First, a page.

Rucker said seven organizations applied for the grant. The committee selected JU to provide the school with a “permanent, identifiable collection of books.”
• Two Jacksonville police officers drew 14-month suspensions following a City Commission hearing on charges stemming from a criminal case against them that had been dropped by the state attorney.
Patrolmen James Branch and James Luman were suspended without pay on April 8, 1964, when they were arrested on charges of accepting unauthorized compensation.
Each was charged with two counts: Accepting a $90 bribe on March 17, 1964, from Sam Blumenthal, manager of the H&S Billiard Parlor at 218 W. Forsyth St., for not arresting him and a group of men in the parlor after closing hours; and for observing the after-hours operation of the pool hall and alleged gambling therein and then leaving without making an arrest while the gambling continued.
The officers denied accepting money from Blumenthal in their testimony. They said while they suspected what was going on in the pool hall at 3 a.m., there was insufficient evidence to make an arrest when they entered the business.
The action of the commission meant Branch and Luman could go back to work in June, but would lose about $6,200 in pay from the date of their suspension.
In another administrative hearing, Police Capt. Gerald Duggan, convicted of accepting a bribe in another case and sentenced to three years in prison, was granted a continuance of his case before the commission.
On the motion of Duggan’s attorney, Albert Datz, the commissioners agreed that since Duggan had an appeal pending on his conviction in the criminal case, a final disposition of the court case had not occurred.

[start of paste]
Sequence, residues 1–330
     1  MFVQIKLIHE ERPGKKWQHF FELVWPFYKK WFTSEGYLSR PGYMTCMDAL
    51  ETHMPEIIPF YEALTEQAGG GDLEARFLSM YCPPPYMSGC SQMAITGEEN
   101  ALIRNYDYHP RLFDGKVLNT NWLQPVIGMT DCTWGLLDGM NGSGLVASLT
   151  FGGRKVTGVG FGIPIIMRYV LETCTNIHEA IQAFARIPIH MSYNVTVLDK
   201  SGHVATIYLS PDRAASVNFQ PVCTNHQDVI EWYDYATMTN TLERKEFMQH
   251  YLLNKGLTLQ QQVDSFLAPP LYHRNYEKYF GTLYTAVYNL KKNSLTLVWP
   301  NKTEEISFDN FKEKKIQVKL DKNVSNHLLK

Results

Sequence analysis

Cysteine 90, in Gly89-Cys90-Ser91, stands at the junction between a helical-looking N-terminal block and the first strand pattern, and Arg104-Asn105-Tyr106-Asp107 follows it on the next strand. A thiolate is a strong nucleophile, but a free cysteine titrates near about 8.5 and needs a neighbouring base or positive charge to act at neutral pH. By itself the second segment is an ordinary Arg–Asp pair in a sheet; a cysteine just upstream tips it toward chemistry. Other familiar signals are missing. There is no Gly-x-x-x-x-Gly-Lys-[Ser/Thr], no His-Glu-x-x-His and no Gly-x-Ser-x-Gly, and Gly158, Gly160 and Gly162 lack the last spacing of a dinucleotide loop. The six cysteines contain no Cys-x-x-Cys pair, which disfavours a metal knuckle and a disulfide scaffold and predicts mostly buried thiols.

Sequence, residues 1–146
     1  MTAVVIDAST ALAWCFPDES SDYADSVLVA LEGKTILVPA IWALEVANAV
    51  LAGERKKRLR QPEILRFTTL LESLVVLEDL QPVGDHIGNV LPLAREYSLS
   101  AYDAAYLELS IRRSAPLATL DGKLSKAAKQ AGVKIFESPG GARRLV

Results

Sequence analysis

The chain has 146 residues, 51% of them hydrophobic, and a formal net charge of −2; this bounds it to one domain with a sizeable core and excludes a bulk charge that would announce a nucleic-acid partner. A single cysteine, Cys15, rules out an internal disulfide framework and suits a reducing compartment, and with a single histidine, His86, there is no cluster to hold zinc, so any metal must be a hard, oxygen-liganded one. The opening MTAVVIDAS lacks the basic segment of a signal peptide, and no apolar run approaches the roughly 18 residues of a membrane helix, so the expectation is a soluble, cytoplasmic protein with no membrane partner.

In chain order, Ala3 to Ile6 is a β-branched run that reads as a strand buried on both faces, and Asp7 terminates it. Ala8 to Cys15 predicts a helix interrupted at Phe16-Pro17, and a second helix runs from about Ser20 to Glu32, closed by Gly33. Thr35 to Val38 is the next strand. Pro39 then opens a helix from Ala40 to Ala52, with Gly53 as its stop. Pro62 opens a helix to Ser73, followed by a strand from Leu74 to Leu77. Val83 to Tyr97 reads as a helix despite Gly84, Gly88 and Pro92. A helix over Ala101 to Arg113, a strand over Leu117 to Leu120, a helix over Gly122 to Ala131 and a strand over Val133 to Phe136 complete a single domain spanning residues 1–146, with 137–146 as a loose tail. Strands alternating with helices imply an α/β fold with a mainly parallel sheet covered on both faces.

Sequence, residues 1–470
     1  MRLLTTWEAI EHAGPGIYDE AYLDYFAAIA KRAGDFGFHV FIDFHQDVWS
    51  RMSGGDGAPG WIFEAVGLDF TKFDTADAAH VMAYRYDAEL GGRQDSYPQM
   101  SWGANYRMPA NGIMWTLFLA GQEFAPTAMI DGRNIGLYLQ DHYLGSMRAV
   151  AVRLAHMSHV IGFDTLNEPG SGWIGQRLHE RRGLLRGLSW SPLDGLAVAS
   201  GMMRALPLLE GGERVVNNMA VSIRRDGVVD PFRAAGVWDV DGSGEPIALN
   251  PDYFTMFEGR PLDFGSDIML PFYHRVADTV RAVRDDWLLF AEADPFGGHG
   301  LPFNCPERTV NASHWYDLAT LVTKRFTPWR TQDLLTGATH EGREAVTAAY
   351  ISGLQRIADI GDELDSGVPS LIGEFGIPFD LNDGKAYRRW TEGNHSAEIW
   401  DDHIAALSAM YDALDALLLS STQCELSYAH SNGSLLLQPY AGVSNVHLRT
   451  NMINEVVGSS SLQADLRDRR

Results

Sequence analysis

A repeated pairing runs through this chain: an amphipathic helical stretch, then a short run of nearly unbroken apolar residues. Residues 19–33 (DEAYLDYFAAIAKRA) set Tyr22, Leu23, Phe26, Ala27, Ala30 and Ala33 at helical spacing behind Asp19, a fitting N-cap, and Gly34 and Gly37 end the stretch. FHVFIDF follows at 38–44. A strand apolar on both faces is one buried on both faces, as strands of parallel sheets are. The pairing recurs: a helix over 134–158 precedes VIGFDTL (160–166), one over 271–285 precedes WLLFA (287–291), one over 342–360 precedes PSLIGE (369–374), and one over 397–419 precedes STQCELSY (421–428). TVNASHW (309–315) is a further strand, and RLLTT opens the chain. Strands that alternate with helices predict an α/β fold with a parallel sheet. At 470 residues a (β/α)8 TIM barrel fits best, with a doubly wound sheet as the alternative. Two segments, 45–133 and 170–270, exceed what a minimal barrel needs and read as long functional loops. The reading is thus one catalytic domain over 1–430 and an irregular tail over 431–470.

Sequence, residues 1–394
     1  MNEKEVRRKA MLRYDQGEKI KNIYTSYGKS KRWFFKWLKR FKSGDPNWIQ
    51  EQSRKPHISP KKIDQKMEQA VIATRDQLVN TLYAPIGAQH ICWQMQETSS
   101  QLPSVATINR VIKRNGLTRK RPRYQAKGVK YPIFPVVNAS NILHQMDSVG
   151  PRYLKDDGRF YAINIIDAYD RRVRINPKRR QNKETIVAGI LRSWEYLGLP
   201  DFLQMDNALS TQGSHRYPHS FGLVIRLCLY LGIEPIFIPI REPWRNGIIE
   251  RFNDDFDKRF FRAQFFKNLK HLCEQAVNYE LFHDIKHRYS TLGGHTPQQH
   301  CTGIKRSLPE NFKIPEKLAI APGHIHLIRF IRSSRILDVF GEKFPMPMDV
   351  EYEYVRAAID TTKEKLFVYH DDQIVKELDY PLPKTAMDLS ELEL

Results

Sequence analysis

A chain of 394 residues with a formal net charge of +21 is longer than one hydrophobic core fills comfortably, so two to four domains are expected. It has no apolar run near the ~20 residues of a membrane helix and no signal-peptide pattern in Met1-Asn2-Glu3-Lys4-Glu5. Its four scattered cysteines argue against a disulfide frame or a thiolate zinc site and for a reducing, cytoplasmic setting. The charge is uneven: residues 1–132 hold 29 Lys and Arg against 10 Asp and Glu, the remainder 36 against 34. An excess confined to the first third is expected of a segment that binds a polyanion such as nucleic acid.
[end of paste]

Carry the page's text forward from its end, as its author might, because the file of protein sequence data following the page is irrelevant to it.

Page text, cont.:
• Charter members of the Beaches Rotary Club were honored at the club’s 19th anniversary meeting in the Atlantic Beach Hotel.
Six of the 15 men who formed the club in 1946 were introduced and a biography of each of the founders was presented by Ed Smith, also a founder.
The others present were James Rupert, G.A. Cotton, W.D. Dickinson, Floyd Hostetter and E.H. Roberts.
Fred Woolverton of the Rotary Club of Jacksonville, sponsor of the Beaches club, was master of ceremonies.
• A coroner’s jury ruled the shooting death of Price Cribbs, 20, in a Kings Road tavern was justifiable homicide.
The ruling before Justice of the Peace Gordon Poppell brought the release of Robert Russell, 44, manager of Darley’s Grill and Restaurant at 2480 Old Kings Road. He was being held on a murder charge.
Testimony at the hearing showed Cribbs was attacking Russell when the tavern manager pulled a .45 caliber handgun from behind the bar and fired once, fatally wounding Cribbs.
Cribbs’ brother, Emory, 17, was bound over to Criminal Court in another hearing before Poppell on an assault to murder charge.
Witnesses testified the younger Cribbs had knocked another bar patron to the floor and was about to strike him with a bar stool when his brother was killed.
• The Board of County Commissioners approved a $10,000 appropriation to defray the cost of dividing voting precincts in Duval County.
The recommendation to finance the changes came from Supervisor of Registration Robert Mallard, chairman of a committee appointed to study and suggest improvements in election practices.
He said breaking up a number of the more populous voting precincts was a matter of public convenience, would bring polling places closer to voters and make for shorter waiting lines on major election days.
“In many instances, the polling places in years past have been undesirable. In many areas, the schools are good places to hold elections. It seems it would be educational for the children in school to see their parents voting,” Mallard said.
In 1965, there were 148 precincts in Duval County. The committee suggested adding 62 new precincts: 38 in unincorporated areas and 24 inside the city limits of Jacksonville.